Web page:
Six Questions for Spring

PULLMAN --- Spring has officially sprung on the Palouse, and with it comes a new era of optimism for the Washington State football team. For the first time in ages, the Cougars enter spring practices wondering not if they will be playing in a bowl next season, but rather which post-season soire it'll be.

The high expectations stem from the stellar 2001 campaign and the fact so many of the key contributors in that 10-win affair are back in crimson for 2002. Chief among them is veteran QB Jason Gesser, whom The Sporting News tabs as an early front runner for the Heisman Trophy.

A bowl game at the conclusion of 2002 would put these Cougars in rarefied territory. WSU has never gone bowling in back-to-back seasons (though many a local homer will tell you that Mike Pattinson's broken collarbone in 1993 is all that has kept this filthy little factoid in tact in the Mike Price era).

And unlike their bowl-going predecessors in Pullman, this follow-up club --- which includes 13 returning starters -- is actually getting some big-time respect heading into the next campaign. Indeed, the Cougars have become the chic pick to capture the Pac-10 title and are widely considered a pre-season top 10 or 15 choice.

Despite the lofty expectations, the players seem more concerned with avenging the only two losses --- Oregon and Washington -- that blemished their 2001 season, and the facts themselves show that the 2002 Cougars have some very real question marks.

Price & Co. hope to find all the right answers in the 15 workouts and scrimmages that will take place between now and the Crimson & Gray game on April 27.

In no particular order, here's a rundown of six things to look for in April:

1. Who will replace Dave Minnich?

Jermaine Green was a coveted JC pick-up for the Cougars this winter and would seem on paper to be the guy with the inside track to being THE back in WSU's one-back offense. At 6-1 and 211 pounds, he has the size to compete at the Pac-10 level and his 4.5 speed makes him a burner. Senior John Tippins, a former linebacker who made the most of his limited RB duty in 2001, will be a prime challenger this spring. So will Allen Thompson and Jimmy Wilson, oft-injured true freshmen in 2001 whom Cougar coaches like a lot.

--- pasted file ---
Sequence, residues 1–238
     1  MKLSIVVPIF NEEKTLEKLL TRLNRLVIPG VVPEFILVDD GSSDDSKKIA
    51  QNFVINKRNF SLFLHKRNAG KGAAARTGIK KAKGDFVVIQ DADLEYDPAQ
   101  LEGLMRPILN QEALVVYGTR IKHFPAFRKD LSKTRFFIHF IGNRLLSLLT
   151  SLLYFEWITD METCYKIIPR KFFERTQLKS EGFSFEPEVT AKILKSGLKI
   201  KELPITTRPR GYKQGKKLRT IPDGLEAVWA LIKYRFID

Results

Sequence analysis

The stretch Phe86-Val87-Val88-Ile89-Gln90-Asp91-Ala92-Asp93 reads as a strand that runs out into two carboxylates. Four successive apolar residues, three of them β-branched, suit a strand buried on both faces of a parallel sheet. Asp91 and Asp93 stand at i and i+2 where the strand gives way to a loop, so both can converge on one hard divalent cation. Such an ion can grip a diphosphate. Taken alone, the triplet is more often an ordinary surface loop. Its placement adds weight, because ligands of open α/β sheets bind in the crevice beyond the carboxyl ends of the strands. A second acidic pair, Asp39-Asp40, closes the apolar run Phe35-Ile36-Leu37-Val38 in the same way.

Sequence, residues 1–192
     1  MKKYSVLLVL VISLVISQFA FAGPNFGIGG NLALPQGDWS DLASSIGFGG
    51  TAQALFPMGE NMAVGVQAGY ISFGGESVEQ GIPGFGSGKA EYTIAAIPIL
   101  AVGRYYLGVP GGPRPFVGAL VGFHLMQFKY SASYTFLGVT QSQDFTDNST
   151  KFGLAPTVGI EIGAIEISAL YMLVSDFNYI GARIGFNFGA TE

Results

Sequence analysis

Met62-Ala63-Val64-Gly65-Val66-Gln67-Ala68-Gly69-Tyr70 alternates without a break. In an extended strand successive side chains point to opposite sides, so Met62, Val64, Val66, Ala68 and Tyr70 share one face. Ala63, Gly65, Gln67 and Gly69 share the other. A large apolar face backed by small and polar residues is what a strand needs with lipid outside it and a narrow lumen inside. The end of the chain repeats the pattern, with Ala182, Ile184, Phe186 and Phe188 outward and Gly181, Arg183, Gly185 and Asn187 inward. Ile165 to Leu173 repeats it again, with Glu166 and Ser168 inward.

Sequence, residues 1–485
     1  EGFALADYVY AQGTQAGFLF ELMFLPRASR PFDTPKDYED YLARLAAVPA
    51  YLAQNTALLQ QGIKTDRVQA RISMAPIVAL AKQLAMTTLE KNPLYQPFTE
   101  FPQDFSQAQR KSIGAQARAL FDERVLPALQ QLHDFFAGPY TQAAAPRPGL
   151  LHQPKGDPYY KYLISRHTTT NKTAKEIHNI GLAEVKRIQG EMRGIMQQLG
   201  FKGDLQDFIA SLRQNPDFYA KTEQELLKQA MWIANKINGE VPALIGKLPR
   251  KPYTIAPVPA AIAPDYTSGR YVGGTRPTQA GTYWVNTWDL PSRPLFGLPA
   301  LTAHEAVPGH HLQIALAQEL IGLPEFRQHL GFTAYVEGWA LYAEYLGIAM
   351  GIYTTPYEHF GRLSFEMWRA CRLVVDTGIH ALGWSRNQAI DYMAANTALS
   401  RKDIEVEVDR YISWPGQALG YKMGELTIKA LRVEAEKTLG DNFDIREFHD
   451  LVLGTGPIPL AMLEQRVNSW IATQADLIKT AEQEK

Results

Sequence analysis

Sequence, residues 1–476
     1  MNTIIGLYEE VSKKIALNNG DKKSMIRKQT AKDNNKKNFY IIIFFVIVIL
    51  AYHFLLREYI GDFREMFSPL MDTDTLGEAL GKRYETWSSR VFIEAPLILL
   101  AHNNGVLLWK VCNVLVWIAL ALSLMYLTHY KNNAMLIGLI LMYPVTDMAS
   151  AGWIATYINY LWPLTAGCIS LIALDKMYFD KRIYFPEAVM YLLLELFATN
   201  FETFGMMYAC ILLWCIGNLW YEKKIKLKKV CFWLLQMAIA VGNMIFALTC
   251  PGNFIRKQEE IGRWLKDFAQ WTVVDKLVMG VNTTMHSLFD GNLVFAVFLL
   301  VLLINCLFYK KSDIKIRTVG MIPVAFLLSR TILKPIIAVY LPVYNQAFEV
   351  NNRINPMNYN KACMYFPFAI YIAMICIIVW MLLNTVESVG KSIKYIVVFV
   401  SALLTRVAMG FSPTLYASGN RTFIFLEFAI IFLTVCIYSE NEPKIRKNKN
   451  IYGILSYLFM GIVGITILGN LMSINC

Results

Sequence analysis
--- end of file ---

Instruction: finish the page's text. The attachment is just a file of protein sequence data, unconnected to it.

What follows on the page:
Regardless of who emerges No. 1 on April 27, he will have to fend off new challengers come August when two more touted JC backs -- Jonathon Smith and Lionel Arnold --- and perhaps a third, Chris Bruhn, arrive on campus.

2. What can we expect from Devard Darling?

Hopefully, great things. Darling, who transferred to WSU from Florida State following the tragic death of his twin brother, is supremely talented, has great size (6-3, 205), and runs the 40 in just UNDER 4.4 seconds. He didn't start practicing in the fall until the waning weeks of the season and by then was rusty. However, he gave glimpses of his talent, and after a full season of winter workouts, followed by an entire spring to learn the offense, he could be a truly fine weapon for Gesser.

He's currently listed third on the depth chart at split end behind Mike Bush and Curtis Nettles, but he might be a nice fit at slotback, where Trandon Harvey and Marty Martin are currently running first and second. Flanker is well handled with Collin Henderson and Jerome Riley.

Bottom line, Gesser will have a proverbial boat load of swifties to throw to, and the idea of Bush, Riley and Darling all lining up on the same play ought to give Pac-10 defensive coordinators night sweats.